A highlight of this season for soprano Lisette Oropesa was her Royal Opera debut as Lucia (Lucia di Lammermoor) at Covent Garden. She will soon be making a role debut as Euridice in the French version of Gluck’s Orfeo ed Euridice with Los Angeles Opera, in a new production opening on the 10 March, directed and choreographed by John Neumeier, and conducted by James Conlon. In advance of these performances in Los Angeles, Lisette Oropesa answers Seen and Heard International’s questions about this current role, as well as, looking back on her life and her career.
The Italian tenor Andrea Carè has recently appeared at the Teatro Real in Madrid – in Puccini’s Madama Butterfly (Puccini) and Bizet’s Carmen – and at the Palau de Les Arts in Valencia – in Verdi’s Don Carlo alongside Plácido Domingo – and he returns to Covent Garden’s Royal Opera House (February 16, 27 and March 8, 12, 16) in the role of Don José in Carmen, a role he first performed there in 2015. He has previously said: ‘In spite of the brutality and intolerance of what Don José does, I still believe that in reality he is a pure man who finds himself in the wrong place at the wrong time. He is a passionate man, as many of us are, but he does not have the luck or intelligence to realise that Carmen represents a danger to his own life, his heart and his mental stability. I believe that, however mistakenly and violently he behaves, there is a Don José in every one of us, constantly struggling not to fall into the abyss of insanity’.
In advance of these performances at Covent Garden Andrea Carè answers Seen and Heard International’s questions about this current role, as well as, looking back on his life and his career.
Barry Douglas discusses – amongst other things – his career, composers, interpretation, recordings, masterclasses, chamber music, competitions, and his annual Clandeboye Festival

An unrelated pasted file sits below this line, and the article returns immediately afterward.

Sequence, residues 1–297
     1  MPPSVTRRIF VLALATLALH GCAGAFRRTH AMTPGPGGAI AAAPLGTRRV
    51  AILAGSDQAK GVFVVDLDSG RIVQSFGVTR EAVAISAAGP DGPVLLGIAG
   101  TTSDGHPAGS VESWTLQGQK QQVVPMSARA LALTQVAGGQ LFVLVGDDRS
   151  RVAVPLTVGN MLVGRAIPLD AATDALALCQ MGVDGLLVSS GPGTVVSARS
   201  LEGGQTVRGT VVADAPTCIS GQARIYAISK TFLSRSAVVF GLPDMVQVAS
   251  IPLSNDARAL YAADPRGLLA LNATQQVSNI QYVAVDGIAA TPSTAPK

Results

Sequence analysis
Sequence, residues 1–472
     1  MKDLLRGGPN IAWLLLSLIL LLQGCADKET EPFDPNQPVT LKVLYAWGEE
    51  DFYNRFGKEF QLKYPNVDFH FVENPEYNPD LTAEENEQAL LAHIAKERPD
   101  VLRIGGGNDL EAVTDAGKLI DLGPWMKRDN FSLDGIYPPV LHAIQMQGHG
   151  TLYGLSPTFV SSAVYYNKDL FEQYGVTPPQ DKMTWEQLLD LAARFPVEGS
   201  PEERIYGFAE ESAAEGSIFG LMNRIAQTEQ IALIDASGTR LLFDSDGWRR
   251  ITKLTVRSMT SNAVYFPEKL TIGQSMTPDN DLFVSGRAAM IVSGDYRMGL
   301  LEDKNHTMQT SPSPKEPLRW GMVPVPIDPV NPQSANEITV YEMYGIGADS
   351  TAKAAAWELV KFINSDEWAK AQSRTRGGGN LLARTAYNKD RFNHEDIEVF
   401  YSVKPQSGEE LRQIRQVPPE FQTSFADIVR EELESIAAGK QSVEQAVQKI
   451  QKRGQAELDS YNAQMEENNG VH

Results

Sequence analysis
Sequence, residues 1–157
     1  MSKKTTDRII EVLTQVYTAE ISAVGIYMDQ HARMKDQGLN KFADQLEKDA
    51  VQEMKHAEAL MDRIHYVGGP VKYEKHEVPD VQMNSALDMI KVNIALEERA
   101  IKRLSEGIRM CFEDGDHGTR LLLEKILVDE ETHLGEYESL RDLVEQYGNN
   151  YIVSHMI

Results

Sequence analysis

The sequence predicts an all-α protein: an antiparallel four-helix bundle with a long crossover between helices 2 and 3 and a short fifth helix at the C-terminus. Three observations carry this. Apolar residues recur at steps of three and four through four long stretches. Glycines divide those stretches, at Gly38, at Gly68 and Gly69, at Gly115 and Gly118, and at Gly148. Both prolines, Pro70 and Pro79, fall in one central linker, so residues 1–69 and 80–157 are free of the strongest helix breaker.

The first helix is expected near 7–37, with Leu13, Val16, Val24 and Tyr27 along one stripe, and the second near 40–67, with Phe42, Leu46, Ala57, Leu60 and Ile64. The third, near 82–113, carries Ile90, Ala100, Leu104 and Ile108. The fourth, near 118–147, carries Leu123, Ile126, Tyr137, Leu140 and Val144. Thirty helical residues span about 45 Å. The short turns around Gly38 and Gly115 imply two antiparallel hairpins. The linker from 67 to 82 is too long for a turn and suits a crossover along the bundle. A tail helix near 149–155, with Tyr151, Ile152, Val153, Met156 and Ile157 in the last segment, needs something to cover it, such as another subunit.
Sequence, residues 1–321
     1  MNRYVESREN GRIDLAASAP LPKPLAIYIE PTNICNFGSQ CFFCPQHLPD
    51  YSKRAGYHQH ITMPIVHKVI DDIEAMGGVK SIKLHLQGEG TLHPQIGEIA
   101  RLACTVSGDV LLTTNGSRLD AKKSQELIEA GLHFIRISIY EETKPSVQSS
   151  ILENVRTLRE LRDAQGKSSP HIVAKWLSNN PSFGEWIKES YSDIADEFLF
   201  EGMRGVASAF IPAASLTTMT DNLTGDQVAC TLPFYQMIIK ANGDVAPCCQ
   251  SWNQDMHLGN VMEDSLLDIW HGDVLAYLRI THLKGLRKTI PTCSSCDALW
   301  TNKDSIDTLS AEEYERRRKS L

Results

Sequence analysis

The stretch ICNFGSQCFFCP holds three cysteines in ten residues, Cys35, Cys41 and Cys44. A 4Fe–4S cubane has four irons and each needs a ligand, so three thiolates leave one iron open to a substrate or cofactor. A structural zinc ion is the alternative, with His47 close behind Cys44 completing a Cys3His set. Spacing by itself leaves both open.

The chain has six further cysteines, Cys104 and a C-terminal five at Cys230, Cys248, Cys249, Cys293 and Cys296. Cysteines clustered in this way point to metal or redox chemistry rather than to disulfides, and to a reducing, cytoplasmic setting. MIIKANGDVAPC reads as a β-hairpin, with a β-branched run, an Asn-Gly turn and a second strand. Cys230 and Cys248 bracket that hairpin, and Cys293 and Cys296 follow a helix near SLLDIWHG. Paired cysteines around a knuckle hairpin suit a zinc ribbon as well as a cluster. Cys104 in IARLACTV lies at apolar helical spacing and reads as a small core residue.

Winner of the Tchaikovsky International Piano Competition in 1986, Barry Douglas has toured the world for the last three decades, bringing distinction and splendour to the wide range of concertos he plays, and taking on innumerable institutional responsibilities as well. That is to be expected from any major competition-winner, but perhaps closest to the artist’s heart is the founding of his orchestra, the Camerata Ireland, and overseeing his annual Clandeboye Festival, both of which serve as a meeting place for Irish artists in general and young Irish musicians in particular.
Michael Cookson Meets Omer Meir Wellber
Earlier this year during a reporting trip to Munich I was fortunate to secure an interview with charismatic and hardworking conductor Omer Meir Wellber whose burgeoning career has taken him to the world’s greatest opera houses and working with the finest orchestras.
AN INTERVIEW WITH VALENTINA LISITSA
The Ukrainian pianist Valentina Lisitsa has achieved the accolade of becoming the world’s most popular classical artist since her first YouTube recital in 2007. By leading the way to finding new audiences with sensational success, Lisitsa has gained a staggering 95 million views and almost 200,000 subscribers on YouTube.
Dénes Várjon in conversation with Sebastian Smallshaw
Dénes Várjon studied music at the Liszt Academy with Sándor Falvai, György Kurtág, and Ferenc Rados. Over the last 25 years, he has established an international career as a concert pianist and chamber musician, and is a regular guest at prestigious festivals in Europe and the United States. Since 2015, he has been artistic co-director of the chamber music festival kamara.hu, which he coordinates together with his wife, the pianist Izabella Simon. I spoke with Dénes Várjon in Budapest, just after he had performed in the second concert of this year’s kamara.hu.
Mark Sebastian Jordan Encounters Margaret Brouwer
American composer Margaret Brouwer will be premiering an oratorio, Voice of the Lake, on November 12 in Cleveland. Though she grew up in Michigan, the composer now lives near Lake Erie in Ohio, where she served as head of the composition department of the Cleveland Institute of Music until 2008. By her own reckoning, she has a special relationship with nature in general, and water in particular, which is reflected in many of her pieces.
Justin Doyle Discusses Monteverdi with Mark Berry
For his first concerts as Chief Conductor and Artistic Director of the RIAS Chamber Choir, Justin Doyle finds himself very much in at the deep end: dual-venue performances of Monteverdi’s 1610 Vespers of the Blessed Virgin (at the Pierre Boulez Saal) and the Missa ‘In illo tempore’, with which it was published (just around the corner, at St Hedwig’s Cathedral). ‘Finds himself’, one might ask, or was he pushed? I was lucky enough to be able to do so, on the lunchtime in between the first, Friday evening performances, and the second ones on Saturday afternoon (the latter to be reviewed shortly).